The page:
Forward

Raúl Ruidíaz – 7 (6)

Moment of struggle: Up 1-0 against Motagua in the home leg, Raúl was forced off at halftime with an injury. Ruidíaz would miss the León matches, returning to play the last four games of the tournament. His tournament play could have been remembered as two sluggish matches against a Honduran squad.

Moment of triumph: Big players show up in big games, and no match has been bigger for Seattle than the CCL final at home. Fittingly, Raúl led the way, earning MOTM by doing what he does best: scoring the damn ball. His first showed his ability to ghost away from defenders and find open spaces as well as a quick release, powerful shot that wouldn’t be denied by defenders. The second displayed patience, as he understood perfectly the runs around him, drifted to a good angle, and then expertly wrong-footed the keeper to score clean near post and put the game out of reach. A true superstar effort from Raúl, who ended with a massive seven shots and was goal dangerous every time he so much as smelled the ball.

Why we don’t win CCL without him: An early goal against NYCFC completely changed the series. His cross forced the first penalty against Pumas away. Two goals to win the final. In the biggest moments of the tournament, there was always a Raúl impact.

Substitutes

Kelyn Rowe - 5.88 (8)

Moment of struggle: Playing against NYCFC away, Rowe subbed in to replace Nouhou in the 70th minute and was part of a rough final 20 minutes for Seattle. The brave away squad held meekly on to a 1-1 tie and didn’t concede, but it was only luck and an otherworldly Stefan Frei performance that kept it that way. Rowe looked uncomfortable on the left, combining poorly with both central and wide mids alike, and was victimized down his wing multiple times.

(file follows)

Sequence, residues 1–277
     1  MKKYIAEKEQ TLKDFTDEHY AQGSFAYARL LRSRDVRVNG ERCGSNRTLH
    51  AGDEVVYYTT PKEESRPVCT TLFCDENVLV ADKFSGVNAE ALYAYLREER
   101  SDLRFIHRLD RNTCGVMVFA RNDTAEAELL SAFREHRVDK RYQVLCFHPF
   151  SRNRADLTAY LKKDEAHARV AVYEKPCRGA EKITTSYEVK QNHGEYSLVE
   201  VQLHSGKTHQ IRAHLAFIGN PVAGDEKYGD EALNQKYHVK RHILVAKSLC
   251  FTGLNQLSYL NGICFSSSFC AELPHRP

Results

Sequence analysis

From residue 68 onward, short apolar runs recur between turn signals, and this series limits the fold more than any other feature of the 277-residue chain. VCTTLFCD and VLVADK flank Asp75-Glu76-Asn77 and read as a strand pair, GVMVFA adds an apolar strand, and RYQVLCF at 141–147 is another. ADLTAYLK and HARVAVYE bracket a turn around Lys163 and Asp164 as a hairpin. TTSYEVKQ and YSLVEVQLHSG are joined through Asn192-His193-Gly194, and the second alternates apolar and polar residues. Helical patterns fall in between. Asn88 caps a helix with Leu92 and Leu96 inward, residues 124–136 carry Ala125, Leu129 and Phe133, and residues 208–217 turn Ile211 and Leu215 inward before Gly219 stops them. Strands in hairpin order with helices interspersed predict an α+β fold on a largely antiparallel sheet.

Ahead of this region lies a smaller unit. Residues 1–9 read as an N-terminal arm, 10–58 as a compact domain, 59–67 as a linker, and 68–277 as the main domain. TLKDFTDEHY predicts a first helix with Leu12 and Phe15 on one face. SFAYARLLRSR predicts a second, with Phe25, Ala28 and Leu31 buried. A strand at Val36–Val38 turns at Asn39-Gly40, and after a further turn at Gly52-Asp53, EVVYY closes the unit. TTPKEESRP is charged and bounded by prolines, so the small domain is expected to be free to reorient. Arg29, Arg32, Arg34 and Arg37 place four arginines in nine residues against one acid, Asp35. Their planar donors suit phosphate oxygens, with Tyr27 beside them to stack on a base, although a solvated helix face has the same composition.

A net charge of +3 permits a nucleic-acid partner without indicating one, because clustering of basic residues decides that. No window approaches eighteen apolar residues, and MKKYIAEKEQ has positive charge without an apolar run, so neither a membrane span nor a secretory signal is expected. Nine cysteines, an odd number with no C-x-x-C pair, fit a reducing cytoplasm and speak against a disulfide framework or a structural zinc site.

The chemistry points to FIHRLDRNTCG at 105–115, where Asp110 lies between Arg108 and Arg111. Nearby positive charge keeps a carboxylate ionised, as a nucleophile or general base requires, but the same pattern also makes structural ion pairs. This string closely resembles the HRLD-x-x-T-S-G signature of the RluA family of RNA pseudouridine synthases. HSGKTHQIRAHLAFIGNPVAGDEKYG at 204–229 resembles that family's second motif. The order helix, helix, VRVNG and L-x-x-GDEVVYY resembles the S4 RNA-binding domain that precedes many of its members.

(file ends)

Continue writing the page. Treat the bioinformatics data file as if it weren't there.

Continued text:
Moment of triumph: With Nouhou on the ground after being viciously kicked, Rowe had two minutes to warm up and enter the final. A final where he was matched up against a team that feasts on wide service to a fantastic striker. All Kelyn did is shut his side down for 79 minutes, limiting crosses, controlling the ball, winning the majority of his nine duels, and being exactly the player Seattle didn’t know they needed in that moment.

Why we don’t win CCL without him: Rowe has his critics, but he played every single match for Seattle in this tournament, and rewarded the faith the coaching staff had in him with his best performance in the final. A deserved local champion, he was a “replacement level player” in the best sense, and an essential support option for Seattle.

Obed Vargas – 6.14 (7)

Moment of struggle: After a lot of hype and some success centrally, Obed came in to the match in the 77th minute away to NYCFC as an outside midfielder and struggled. Not a comfortable wide player in the Sounders’ system, it was clear that Vargas relied more on physical hustle than intrinsic technical skill, and this was taken advantage of by New York.

Moment of triumph: When Seattle’s team MVP was carried to the locker room with a season ending-injury, Brian Schmetzer had faith in Vargas to replace him centrally, and his faith was justified. He played 60 minutes in a tournament final and showed he belonged there. This was a case where not noting him was notable, as he fit in seamlessly with the team, played his role perfectly (83 percent passing, seven duels) and got the ball to others. Not intimidated by the moment, Obed was a composed and integral part of the championship victory.